Sainsbury created a brilliant bag presenting the union jack flag made from a photo of fresh strawberries collaged with blue pieces on a white background.
At one point I was working on this bag to create shapes and patterns of a random dripping nature using glitter glue, which when peeled off the plastic once dried would also peel away the coloured print underneath - leaving only the white plastic.
Remember to re-use your bags.

Saturday, 28 September 2013

Pringle Packaging

Pringles taste amazing. Their packaging is also quite interesting, using very simple black lines to form the actual simplified shape of a Pringle crisp. Which actually looks like a beak - a duck beak....daffy duck. There is a band of this repeated shape going all the way around the see
through plastic covering of the Pringle tubes.  

They overlay quite nicely too.

Friday, 23 August 2013

Visual Arts Degree Show 2013: Stained and Painted Room





 Photos taken by E. Russhard and Z.Akram

Stained and Painted Room

Garment fabrics, interior fabrics, sugar paper, wallpaper, glitter glue, pva glue, Dylon fabric dye, Brusho dye, ink and emulsion.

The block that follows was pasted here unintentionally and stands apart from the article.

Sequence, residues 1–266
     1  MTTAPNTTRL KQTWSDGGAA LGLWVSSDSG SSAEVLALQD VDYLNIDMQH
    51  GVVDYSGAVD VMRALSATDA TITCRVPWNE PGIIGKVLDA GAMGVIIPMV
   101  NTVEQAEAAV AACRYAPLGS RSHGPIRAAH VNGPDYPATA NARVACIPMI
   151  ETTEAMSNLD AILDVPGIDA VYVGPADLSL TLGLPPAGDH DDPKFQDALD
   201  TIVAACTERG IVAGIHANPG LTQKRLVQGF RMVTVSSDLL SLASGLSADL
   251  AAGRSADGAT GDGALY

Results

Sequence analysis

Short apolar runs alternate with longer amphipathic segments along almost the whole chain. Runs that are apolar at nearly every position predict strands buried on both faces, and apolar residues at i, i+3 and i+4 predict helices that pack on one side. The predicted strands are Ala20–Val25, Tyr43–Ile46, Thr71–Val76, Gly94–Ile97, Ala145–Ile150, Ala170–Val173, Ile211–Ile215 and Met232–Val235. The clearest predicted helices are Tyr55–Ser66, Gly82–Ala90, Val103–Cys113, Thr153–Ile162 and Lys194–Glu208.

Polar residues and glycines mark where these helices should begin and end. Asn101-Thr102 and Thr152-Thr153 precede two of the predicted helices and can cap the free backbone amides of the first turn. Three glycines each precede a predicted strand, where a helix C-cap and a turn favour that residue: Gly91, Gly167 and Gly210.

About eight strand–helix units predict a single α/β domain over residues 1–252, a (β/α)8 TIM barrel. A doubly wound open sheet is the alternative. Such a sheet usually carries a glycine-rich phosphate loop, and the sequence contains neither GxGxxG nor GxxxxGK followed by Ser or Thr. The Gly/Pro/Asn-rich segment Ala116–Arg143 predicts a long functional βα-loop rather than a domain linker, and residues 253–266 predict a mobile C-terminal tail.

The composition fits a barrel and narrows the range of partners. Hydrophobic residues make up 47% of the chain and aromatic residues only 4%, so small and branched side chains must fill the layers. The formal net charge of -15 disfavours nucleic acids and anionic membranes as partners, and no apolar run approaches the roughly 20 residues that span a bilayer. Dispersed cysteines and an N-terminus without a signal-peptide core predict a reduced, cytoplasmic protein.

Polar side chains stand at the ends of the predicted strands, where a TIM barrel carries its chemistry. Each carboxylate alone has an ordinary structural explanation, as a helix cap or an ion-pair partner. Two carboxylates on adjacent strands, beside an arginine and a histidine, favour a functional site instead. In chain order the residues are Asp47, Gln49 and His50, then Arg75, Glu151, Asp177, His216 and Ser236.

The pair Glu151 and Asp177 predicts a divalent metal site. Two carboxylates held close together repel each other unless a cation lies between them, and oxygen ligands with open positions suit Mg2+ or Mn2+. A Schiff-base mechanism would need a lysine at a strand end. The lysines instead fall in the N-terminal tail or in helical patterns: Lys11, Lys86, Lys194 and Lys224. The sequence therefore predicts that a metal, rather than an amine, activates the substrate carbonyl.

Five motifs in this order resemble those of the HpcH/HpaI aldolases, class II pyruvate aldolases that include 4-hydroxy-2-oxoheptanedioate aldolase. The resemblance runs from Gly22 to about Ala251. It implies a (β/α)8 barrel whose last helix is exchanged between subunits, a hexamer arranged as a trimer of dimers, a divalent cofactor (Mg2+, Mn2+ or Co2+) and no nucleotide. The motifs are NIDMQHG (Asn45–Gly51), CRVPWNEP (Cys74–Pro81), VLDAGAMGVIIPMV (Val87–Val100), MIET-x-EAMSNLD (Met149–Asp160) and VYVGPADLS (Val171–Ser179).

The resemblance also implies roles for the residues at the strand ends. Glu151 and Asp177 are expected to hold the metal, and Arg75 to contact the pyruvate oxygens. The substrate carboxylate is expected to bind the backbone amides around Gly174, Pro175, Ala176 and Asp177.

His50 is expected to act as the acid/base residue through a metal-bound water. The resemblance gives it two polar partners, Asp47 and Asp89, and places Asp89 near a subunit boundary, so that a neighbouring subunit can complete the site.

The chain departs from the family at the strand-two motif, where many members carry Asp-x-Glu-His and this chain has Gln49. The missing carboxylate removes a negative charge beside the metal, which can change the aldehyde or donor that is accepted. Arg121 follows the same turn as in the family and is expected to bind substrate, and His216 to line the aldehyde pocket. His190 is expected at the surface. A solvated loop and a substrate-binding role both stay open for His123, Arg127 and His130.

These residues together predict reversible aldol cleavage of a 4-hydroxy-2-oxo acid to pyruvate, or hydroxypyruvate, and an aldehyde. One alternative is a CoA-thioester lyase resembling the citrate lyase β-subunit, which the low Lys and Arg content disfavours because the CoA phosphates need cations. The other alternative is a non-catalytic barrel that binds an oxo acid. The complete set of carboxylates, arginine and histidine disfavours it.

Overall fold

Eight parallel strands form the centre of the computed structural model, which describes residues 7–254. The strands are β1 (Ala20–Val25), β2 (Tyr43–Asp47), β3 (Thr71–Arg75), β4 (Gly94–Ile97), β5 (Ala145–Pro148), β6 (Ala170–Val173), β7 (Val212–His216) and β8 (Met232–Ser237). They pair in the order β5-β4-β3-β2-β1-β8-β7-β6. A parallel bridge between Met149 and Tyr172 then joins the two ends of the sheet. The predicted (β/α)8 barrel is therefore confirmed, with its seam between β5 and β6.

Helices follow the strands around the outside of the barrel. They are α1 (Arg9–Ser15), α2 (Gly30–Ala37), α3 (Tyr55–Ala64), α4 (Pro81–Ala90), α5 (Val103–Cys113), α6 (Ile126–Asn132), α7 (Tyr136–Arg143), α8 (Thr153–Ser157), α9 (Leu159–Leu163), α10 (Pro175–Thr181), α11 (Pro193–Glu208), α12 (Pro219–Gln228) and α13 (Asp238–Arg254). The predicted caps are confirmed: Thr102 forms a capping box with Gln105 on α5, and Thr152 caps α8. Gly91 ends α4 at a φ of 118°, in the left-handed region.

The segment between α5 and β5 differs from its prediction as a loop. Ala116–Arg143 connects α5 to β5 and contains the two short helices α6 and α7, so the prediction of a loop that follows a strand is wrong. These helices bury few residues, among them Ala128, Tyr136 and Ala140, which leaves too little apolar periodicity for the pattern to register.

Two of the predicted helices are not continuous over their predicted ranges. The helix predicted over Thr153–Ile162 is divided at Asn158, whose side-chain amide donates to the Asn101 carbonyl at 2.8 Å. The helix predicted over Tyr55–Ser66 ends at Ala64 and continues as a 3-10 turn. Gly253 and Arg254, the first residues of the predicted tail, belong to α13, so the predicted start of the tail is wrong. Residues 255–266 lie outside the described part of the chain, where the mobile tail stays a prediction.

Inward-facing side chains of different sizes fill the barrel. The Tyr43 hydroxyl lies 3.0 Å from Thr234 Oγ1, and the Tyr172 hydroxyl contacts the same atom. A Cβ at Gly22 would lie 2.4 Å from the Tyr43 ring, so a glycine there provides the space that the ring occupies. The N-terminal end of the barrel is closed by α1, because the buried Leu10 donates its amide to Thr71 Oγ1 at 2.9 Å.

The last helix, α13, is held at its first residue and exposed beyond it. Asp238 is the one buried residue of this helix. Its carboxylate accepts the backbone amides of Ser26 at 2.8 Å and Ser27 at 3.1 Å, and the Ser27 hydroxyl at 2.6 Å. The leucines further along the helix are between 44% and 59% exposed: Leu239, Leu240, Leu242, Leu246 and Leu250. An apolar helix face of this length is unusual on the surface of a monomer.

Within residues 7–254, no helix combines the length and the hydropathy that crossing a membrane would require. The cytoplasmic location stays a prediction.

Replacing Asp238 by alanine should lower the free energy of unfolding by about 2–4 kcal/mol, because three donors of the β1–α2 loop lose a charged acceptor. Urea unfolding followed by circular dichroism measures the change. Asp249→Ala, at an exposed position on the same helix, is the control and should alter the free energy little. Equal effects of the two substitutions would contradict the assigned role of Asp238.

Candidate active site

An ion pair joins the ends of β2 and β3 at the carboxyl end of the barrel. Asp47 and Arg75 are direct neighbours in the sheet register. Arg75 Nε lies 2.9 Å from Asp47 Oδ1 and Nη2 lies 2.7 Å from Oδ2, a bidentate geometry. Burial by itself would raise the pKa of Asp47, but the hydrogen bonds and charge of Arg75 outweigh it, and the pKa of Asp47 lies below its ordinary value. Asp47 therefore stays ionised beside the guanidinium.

Northumbria University, Squires Building
Exhibited as part of the Fine Art and Photographic Practice Undergraduates Degree Show. Northumbria University
May - June 2013 

Floral lace scans in b&w

Some lace scans. Originally the lace came form a t-shirt like top I bought from a charity shop in town. The floral pattern on the top can be found on a previous post titled Chintz roses; odd colours of pink, red and purple-blue.
I haven't yet got a chance to use these pieces in any painting or work, but I used the rose print top part in my degree show exhibition as an appropriation of the typical floral patterns now commonly seen on the streetwalk and catwalk. A pattern that has been brought back out of the cupboards and dusted off, then given a pat down with modernisation - as has lace or lace imitation fabrics of course.
Thinking of doing a lace feature of prints/scans/photos for September.
So please by all means send in photos/scans of lace or bits of lace form anything via e-mail to  

Tuesday, 20 August 2013

Visual Arts Degree Show - July 2013

Materiality is at the beginning of things. It is about the physicality and where it comes from, what it does and how it interacts with others. I choose from what is discarded and I physically change these materials using paint. Stuff is collected; plastics, papers and fabric conflict with gesture and drip.